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25 things you (probably) didn't know about the London Underground

Get your fill of tasty tube facts

25 things you (probably) didn't know about the London Underground


If the fictional Eastenders station of Walford East was a real place it would be on the District Line. 


60 per cent of the London Underground can actually be found above ground. Talk about false advertising.


When the Circle Line was originally opened in 1884, The Times described it as ‘a form of mild torture.’ This is still incredibly accurate despite the fact that the review appears to have had no effect on overcrowding.


The phrase 'Mind The Gap' originated on the Northern Line in 1968.


Jerry (Jerry, Jerry, etc.) Springer was born at East Finchley Station during World War II. At the time, the station was being used as a bomb shelter during the Blitz.


The Victoria Line was originally supposed to be called the Viking Line. Which is awesome.


The overall distance travelled by the tube every 12 months is the equivalent of going half-way to the sun at 43 million miles. Which probably wouldn't be as hot as riding the tube.


The Northbound Northern Line platform at Embankment station still plays the original recording for the ‘Mind The Gap’ announcement. The station revived the recording in response to the announcer's widow writing to the TFL asking to hear his voice again.


Smoking is obviously banned on the tube but it doesn’t make much difference. According to studies, a single 40 minute journey is the equivalent of smoking two cigarettes due to the concentration of dust particles in the air.


Tube carriages originally had no windows. Commuters of today don't know they’re born.


The man that designed the tube map, Harry Beck was paid just 10 Guineas for his troubles. This is the equivalent of around £639 in today's money, taking into account inflation.


In 2001, tube bosses tried to make St. James Park, Euston and Piccadilly slightly more pleasant by introducing a fragrance called Madeleine. It was discontinued after only two days when travelers reported that it made them feel ill.


Make note pub quiz fans: there are only two tube station names that contain all 5 vowels – ‘Mansion House’ and ‘South Ealing’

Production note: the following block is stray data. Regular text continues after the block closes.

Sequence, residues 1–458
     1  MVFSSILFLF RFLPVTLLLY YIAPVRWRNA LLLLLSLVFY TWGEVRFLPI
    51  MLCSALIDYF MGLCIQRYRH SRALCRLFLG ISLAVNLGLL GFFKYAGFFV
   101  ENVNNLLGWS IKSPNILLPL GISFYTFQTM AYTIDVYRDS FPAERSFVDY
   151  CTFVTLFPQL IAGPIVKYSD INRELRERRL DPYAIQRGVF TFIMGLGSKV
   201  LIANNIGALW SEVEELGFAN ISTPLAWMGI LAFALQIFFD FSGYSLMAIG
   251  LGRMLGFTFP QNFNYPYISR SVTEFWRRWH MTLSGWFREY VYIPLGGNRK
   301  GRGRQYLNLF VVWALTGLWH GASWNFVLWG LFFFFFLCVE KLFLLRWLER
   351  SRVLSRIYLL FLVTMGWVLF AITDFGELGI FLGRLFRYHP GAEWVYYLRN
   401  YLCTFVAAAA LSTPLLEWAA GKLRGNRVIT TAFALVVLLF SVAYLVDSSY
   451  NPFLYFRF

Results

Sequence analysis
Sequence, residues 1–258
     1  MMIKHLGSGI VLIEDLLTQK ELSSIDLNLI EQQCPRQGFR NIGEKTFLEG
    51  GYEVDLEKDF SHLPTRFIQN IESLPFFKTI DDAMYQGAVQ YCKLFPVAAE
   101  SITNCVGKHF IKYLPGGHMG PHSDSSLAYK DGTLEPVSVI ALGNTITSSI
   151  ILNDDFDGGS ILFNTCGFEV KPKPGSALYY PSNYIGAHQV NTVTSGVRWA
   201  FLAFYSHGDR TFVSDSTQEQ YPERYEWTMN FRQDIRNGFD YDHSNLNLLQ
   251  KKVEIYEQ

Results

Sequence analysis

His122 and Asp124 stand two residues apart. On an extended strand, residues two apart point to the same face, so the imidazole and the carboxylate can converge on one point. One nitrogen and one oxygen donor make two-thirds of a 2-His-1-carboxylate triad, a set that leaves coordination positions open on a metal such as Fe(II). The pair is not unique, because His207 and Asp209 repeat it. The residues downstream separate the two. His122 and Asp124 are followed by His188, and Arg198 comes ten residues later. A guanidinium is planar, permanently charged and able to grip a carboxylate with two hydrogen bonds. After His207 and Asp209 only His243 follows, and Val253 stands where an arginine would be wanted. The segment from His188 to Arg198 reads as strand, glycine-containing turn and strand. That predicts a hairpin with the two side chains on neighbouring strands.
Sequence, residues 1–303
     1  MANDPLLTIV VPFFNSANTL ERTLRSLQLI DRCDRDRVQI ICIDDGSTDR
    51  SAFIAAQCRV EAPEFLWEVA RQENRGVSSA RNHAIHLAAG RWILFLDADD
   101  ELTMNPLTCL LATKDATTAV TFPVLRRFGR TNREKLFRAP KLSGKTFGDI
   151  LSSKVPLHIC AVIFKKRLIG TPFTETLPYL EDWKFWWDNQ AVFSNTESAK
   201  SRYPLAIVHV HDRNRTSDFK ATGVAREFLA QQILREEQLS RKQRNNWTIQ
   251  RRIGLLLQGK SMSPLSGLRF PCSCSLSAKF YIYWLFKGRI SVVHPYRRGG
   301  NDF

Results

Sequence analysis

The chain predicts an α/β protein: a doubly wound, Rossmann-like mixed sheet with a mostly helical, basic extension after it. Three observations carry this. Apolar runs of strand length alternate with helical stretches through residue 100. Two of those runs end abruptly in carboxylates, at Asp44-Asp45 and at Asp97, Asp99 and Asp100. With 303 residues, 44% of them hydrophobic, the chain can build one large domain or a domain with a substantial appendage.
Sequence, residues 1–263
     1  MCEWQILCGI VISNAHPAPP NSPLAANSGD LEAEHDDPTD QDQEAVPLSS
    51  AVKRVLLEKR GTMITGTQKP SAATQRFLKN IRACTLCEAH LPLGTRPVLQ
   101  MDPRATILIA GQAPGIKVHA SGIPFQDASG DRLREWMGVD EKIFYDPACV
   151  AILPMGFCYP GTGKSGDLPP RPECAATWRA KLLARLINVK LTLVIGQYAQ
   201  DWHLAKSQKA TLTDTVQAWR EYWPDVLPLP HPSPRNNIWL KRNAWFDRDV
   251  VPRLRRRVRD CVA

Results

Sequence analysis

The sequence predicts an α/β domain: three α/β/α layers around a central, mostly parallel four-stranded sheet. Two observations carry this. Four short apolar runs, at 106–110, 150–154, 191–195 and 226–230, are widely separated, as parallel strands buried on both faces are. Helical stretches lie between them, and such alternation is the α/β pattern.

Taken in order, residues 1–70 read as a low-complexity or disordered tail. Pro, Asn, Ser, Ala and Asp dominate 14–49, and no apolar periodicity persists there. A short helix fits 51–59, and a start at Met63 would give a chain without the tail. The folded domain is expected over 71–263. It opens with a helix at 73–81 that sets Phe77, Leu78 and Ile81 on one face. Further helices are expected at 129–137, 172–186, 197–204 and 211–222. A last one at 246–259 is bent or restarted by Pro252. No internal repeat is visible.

Most of the signs that tell you how many steps there are on the tube lines are wrong. One noticeable difference being Belsize Park. The sign claims that there are 219, when there are actually 189.


The Metropolitan line is the oldest tube line in the world and opened on 10 January, 1863.


The largest amount of people killed by a single wartime bomb was 68, at Balham Station.


South Londoners have the worst tube access. Out of 287 stations, only 29 are south of the Thames.


Ridiculously, the London Underground has its own species of mosquitoes that inhabits it. Having evolved to survive underground, they’re completely different to any mosquitoes living above ground.


The deepest lift shaft on the underground can be found at Hampstead and is 55.2m deep.


In the midst of WW2 there was an aircraft factory housed on the Central Line between Newbury Park and Leytonstone.


Aldgate station is built above a mass plague burial site from 1665. Allegedly over 1,000 bodies lie beneath it. A fact best not recalled while venturing there at night.


The British Museum has its own tube station that lies hidden between Tottenham Court Road and Holborn, although it’s not actually been used since 1932. We say bring it back.


11am is the time that the most suicides happen on the Underground.


There are only four stations on the entire Underground that have just one platform: Chesham, Heathrow 4, Olympia and Mill Hill East.


The busiest tube station during peak morning hours is Waterloo and sees around 57,000+ people running around like sweaty lunatics in a futile attempt to get to work on time.